Here is another paper I wrote a couple of years ago, in July 2013. It was a stretch for me, as I really did not know much about the exile. Doing the research was prophetable . . .
The purpose of this paper is to present a lesson to the Israelites near the end of their exile in Babylon to remind, motivate, and challenge them as they prepare to re-enter the land.
By the end of this lesson, believers will be able to:
- Understand Yahweh’s reasons for the exile
- Remember Yahweh’s faithfulness to His established covenants
- Humble themselves and consistently repent from sin
- Anticipate the day when a new covenant will be established
- Pursue knowing Yahweh and learn His ways
- Participate in Yahweh’s plan for the nations
II. Cognitive Objectives (To Know)
A. Understand Yahweh’s Reasons for the Exile
As we are about to head back to our homeland, it is important for all of us to totally comprehend why we had to go through this terrible time of captivity. We were disobedient and rebellious towards Yahweh; we did this to ourselves (Jer. 3:12, 5:17). Why should we complain when we were punished for our sins (Lam. 3:39)? The whole house of Israel was stubborn and hard-hearted (Eze. 3:7). We defiled the land by what we did, so Yahweh took it away from us (Eze. 36:17-19). Our offenses against Him were great; we did not treat our fellow man as He had said: we oppressed the righteous, took bribes, and deprived the poor of justice (Amos 5:12). We disobeyed the simplest of commandments; we cursed, lied, murdered, stole, and committed adultery (Hos. 4:2). We had forgotten Yahweh (Eze. 22:12). More importantly, we did not acknowledge that it was Yahweh who gave us grain, new wine, oil, silver, and gold, which we then gave to worthless idols (Hos. 2:8). In wickedness, we have forsaken Yahweh and worshipped what our own hands made (Jer. 1:16).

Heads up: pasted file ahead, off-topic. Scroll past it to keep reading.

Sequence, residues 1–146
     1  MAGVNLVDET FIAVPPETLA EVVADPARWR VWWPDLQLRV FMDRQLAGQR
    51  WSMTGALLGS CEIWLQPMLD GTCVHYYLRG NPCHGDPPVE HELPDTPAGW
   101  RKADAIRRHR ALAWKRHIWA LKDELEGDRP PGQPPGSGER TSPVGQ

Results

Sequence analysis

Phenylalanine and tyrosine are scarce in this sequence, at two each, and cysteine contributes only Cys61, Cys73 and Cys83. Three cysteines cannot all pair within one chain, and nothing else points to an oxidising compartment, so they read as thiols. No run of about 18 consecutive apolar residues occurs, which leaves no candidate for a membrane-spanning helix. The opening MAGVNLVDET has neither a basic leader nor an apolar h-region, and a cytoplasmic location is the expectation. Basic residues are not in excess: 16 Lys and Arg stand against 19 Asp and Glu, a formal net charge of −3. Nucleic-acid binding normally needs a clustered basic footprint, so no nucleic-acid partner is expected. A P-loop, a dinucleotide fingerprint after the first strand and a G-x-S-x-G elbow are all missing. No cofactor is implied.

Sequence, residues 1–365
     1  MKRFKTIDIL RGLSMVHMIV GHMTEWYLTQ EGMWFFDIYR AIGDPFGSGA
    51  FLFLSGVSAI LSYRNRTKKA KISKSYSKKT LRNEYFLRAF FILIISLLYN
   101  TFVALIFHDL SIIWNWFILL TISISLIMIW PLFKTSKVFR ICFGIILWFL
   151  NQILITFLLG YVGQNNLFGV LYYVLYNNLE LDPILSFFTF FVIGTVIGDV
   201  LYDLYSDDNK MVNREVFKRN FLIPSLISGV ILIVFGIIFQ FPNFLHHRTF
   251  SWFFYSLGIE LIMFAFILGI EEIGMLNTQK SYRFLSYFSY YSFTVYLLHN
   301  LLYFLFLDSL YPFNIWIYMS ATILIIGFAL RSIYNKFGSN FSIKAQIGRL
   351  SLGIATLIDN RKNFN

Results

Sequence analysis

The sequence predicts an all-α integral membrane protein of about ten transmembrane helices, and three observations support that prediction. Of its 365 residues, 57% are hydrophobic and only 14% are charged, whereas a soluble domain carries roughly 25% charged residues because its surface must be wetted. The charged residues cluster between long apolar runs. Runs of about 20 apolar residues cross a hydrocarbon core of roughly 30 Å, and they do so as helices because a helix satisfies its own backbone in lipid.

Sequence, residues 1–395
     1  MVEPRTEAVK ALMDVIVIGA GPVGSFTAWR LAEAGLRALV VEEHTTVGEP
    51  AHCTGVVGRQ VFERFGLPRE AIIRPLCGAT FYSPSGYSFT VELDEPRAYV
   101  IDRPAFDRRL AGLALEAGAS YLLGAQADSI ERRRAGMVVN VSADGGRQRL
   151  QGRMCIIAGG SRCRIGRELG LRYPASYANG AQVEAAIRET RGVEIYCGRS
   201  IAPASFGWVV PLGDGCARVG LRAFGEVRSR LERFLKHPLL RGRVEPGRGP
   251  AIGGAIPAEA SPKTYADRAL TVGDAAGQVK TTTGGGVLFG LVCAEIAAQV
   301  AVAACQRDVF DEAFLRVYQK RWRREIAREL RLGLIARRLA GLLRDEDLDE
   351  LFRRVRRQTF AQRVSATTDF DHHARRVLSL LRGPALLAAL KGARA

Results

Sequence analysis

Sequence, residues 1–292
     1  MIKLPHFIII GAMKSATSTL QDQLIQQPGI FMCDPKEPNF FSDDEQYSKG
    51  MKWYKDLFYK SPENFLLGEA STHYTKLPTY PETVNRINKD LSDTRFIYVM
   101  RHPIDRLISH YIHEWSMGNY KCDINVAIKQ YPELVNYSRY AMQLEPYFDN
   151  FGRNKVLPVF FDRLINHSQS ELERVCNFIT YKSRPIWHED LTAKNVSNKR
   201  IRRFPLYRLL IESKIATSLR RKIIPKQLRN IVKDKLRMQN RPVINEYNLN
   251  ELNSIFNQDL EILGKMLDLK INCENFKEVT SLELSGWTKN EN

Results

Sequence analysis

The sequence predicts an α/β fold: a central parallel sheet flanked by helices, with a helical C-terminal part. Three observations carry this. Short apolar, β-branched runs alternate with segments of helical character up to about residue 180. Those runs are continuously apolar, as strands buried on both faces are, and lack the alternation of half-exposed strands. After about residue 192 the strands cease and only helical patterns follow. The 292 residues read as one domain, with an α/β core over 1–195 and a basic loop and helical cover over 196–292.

Yahweh was only being faithful to the covenantal cursings (Dt. 28). “Its basic message is that when Israel breaks the covenant she will suffer sanctions for falling away from Yahweh” (Dumbrell 2002, 67). We had a choice; we chose death. We must now accept that Yahweh did what He had planned for us and fulfilled His word that He said years ago (Lam. 2:17).
B. Remember Yahweh’s Faithfulness to His Covenants
Despite the anger that Yahweh displayed toward us (which we deserved based on what we did and failed to do), His mercy, lovingkindness, and covenant faithfulness (which we did not deserve) has always continued towards His people (Jer. 3:12, 31:3). How can we forget how Yahweh brought us up out of Egypt and led us through the wilderness (Amos 2:10; Hos. 12:9; Jer. 2:6, Eze. 20:10)? We must always remember our journey so that we may know of Yahweh’s righteous acts on our behalf (Mic. 6:5). Despite our long exile, Yahweh still has a hopeful word of comfort for us; because we are His people, He has plans to prosper us, to give us a future (Jer. 29:11) (Longman and Dillard 2006, 338). He longs to be gracious to us; His unfailing love for us will remain solid (Isa. 30:18, 54:10). It is because of His unfailing love that we are not totally destroyed; His compassion never fails and His faithfulness is ever true (Lam. 3:22-23).
III. Affective Objectives (To Be)
A. Humble Yourselves and Repent Consistently
Now is the time to humble ourselves before Yahweh as a nation and as individuals. Yahweh has shown us what He requires, to walk humbly with Him (Mic. 6:8). Although He has punished us, He will heal, revive, and restore us that we may live in His presence (Hos. 6:1-2). Acknowledging Yahweh is a continuous process; we must press on to acknowledge Him from here on out (Hos. 6:3). Yahweh values those who are contrite in spirit (Isa. 66:2). We must repent in sincerity, with our hearts, not just go through the motions (Joel 2:12-13). Yahweh has had enough of meaningless sacrifices (Isa. 1:11, 13). He wants mercy from us, not just our sacrifices; He wants us to acknowledge him, not just offer burnt offerings (Hos. 6:6).